Overcount accounted for

Thursday, August 6, 2020
 | 
Chris Woodward (OneNewsNow.com)

coronavirus rubber gloveA member of Congress believes the COVID-19 numbers are skewed, and based off the available evidence, he isn't wrong.

For starters, Representative Blaine Luetkemeyer (R-MO) told the "Washington Watch" radio program on Tuesday, "In the CARES Act, which we passed in March, there is a plus up of 20 percent for hospitals to be able to charge more if they give services to somebody who has COVID."

The purpose is to reimburse hospitals for the extra equipment, procedures, and precautions they have to take when they come into contact with a coronavirus patient.

Luetkemeyer

"It's not there for them to be able to say that they can charge somebody for having attended to them for COVID needs, which they didn't, obviously, if it was an auto accident or heart attack," he pointed out.

Speaking of accidents, "Washington Watch" host Tony Perkins reportedly lost a relative in an accident, and the virus is down as the official cause of death.

"This relative had been tested for the coronavirus about six to eight weeks prior to his death. [He] had an accident, but on the death certificate it listed COVID-19 as the reason for death," said Perkins.

Perkins

While alarming, stories like this are not uncommon.

Speaking to federal legislators last week in Washington, DC, virologist Robert Redfield, director of the Centers for Disease Control and Prevention, said that some hospitals have a financial incentive to overcount coronavirus deaths.

"In the HIV epidemic, somebody may have a heart attack but also have HIV, and the hospital would prefer the classification for HIV because there's greater reimbursement," Dr. Redfield noted. "So I do think there's some reality to that."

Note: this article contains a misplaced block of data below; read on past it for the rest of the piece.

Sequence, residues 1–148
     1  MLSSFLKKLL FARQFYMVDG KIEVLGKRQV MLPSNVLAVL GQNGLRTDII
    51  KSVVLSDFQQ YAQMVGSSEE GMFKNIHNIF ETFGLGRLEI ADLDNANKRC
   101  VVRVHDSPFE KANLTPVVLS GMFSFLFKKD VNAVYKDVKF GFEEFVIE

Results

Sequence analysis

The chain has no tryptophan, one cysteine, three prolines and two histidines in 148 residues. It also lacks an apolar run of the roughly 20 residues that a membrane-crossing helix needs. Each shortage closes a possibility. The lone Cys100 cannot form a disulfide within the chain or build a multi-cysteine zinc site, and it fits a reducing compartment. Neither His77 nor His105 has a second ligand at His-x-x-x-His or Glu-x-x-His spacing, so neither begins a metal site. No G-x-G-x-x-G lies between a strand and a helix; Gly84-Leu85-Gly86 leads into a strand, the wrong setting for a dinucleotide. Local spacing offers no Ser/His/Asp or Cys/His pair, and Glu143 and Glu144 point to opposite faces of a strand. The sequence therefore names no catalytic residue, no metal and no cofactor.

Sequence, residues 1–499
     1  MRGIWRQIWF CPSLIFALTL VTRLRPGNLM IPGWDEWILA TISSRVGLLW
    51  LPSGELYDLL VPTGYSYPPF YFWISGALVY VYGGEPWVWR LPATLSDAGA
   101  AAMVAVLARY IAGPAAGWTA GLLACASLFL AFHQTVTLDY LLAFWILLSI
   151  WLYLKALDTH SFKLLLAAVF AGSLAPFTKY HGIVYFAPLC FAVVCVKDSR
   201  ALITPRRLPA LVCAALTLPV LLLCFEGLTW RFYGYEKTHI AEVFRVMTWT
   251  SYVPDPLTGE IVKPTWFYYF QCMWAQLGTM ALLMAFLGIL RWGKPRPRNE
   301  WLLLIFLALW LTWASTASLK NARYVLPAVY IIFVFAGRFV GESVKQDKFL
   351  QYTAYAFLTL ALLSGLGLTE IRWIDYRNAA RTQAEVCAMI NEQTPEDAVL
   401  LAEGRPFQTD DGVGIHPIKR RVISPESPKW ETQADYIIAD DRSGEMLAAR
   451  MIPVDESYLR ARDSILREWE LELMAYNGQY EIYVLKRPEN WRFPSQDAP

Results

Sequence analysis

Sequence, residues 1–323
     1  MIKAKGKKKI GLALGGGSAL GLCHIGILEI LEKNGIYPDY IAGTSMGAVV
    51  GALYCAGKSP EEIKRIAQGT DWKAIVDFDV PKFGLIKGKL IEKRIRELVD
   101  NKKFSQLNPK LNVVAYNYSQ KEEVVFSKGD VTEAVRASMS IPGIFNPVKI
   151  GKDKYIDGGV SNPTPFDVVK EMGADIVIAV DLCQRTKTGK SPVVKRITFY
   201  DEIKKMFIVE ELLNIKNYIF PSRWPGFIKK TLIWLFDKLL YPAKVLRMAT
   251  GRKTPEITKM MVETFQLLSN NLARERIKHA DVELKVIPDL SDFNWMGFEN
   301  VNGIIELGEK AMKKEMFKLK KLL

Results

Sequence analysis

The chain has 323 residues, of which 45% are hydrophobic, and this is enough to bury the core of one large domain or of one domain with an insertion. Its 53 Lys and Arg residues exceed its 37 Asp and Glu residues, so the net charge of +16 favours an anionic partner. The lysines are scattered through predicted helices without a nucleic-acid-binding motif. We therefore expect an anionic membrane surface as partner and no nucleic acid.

Dr. Redfield also explained that a patient's cause of death involves how the physician defines it in the death certificate.

Redfield

Meanwhile, USA Today did a fact check in April on claims that hospitals get paid more if Medicare patients are listed as having COVID-19 and are placed on a ventilator, and on April 24th the publication declared that to indeed be the case:

We rate the claim that hospitals get paid more if patients are listed as COVID-19 and on ventilators as TRUE.

Hospitals and doctors do get paid more for Medicare patients diagnosed with COVID-19 or if it's considered presumed they have COVID-19 absent a laboratory-confirmed test, and three times more if the patients are placed on a ventilator to cover the cost of care and loss of business resulting from a shift in focus to treat COVID-19 cases.

The CDC's website lists over 3,700 coronavirus deaths characterized as "intentional and unintentional injury, poisoning and other adverse events." In Texas, more than 3,000 people were recently removed from the overall coronavirus count because they were never actually tested but considered "probable" cases.

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